Having a memorable name for your legal practice can give a marketing boost. Having a memorable address for your law firm’s website can be just as important. Traditionally law firms use the names of the main partners in the practice as the name over the door. However, if you are starting up your practice you might like to think about giving it a name that relates to your area of expertise – particularly if you have an unpronounceable name. This week we look at the address of your website and how the different elements of the Web address should be handled to make access to your important pages easier and to enhance your ranking in Google. Search Engine Roundtable has some interesting tips on the addresses of Web pages this week. You will also read an older post from the Moz Blog about URLs and we have some advice on URL selection from marketing expert, Hanif Sipai.
We start off with a rundown of URL advice, written at the end of last year. There is some good solid advice in here, so if you are starting up a new law firm, or just creating a website for an existing firm, this is a good place to start when deciding on what address you should buy for your company.
One of Sipai’s tips on URL choice was to get an address that includes your keywords. He also recommends addresses that have the most important keyword for a site as close to the beginning as possible. The Search Engine Roundtable article weighs in with the ranking value of keywords in addresses. It seems they don’t give you much of a ranking boost. However, if you are starting a new site, a little boost is better than none. Also, getting your practice specialty in the name of your site as prominently as possible cannot harm the visibility of the site and it will help to make the address more memorable for those who hear about your site by word of mouth.
Here is Rand Fishkin of Moz explaining his take on URLs. He does rate putting keywords in there and doing everything to make the site name and the names of pages memorable. He explains that some links show the URL rather than an anchor text with the URL embedded behind it. In these instances, having a descriptive URL acts as an advert for your firm’s purpose and the points of interest in the page that should attract visitors. Fishkin covers a lot of the same advice that Sipai prioritized. However, reading the same tips twice from two different sources isn’t a waste of time – it confirms the veracity of the advice.
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Fishkin mentioned redirects in his list of advice on addressing. This is a field that a lot of Web designers try to avoid, because there is a lot of conflicting advice on whether Google likes or dislikes them. As a rule, you should try to avoid them. However, the main purpose of a redirect is to forward people on to a different address when a page moves. If you have several directories to hold the pages of your law firm’s site, you may one day change the name of one of them. As the directory name is the path in the address, it is actually part of the address. Changing the name of directory, therefore, will make all the links out in the world pointing to pages in that directory result in a “Not Found” message being displayed. To avoid this you have to put in a redirect. This will seamlessly move the visitor over to the new address. A 301 redirect is classified as a “permanent” move. A 302 is “temporary.” According to this advice, even if you have permanently moved a page, use a 302 redirect code, because that will pass ranking points over to your moved page, whereas a 301 will not.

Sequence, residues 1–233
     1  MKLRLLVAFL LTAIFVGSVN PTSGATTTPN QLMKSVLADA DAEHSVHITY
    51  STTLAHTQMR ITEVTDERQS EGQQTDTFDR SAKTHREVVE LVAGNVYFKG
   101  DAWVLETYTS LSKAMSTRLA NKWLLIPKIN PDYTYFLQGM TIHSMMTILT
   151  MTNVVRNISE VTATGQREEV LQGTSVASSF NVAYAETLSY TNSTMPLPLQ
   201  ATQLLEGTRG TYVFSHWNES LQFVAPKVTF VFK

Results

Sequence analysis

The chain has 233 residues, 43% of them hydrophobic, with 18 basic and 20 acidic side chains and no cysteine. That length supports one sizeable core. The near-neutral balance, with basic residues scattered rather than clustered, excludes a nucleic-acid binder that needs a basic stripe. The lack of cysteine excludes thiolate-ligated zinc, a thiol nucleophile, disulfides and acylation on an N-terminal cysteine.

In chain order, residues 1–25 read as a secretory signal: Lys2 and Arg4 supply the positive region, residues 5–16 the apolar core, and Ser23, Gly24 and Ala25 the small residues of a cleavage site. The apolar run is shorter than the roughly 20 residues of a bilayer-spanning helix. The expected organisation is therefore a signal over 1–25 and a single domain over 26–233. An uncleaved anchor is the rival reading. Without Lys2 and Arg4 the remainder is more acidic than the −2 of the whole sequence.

Another important decision you need to make when setting up a new website for your law firm is what protocol to use. This is the bit that goes before the “://” in the address and the default is HTTP, which will give your URL an “http://” on the front of it. Google wants everyone to be on the encrypted version of HTTP, which is called HTTPS (HTTP Secured) and will show as “https://” at the beginning of your URL. If you are already running a site over HTTP, you might consider switching to HTTPS. If you are working on that move, this article should answer some questions. Follow the links in the article to read Search Engine Roundtable’s advice on the topic and an explanation of their experience when they made the move from HTTP to HTTPS.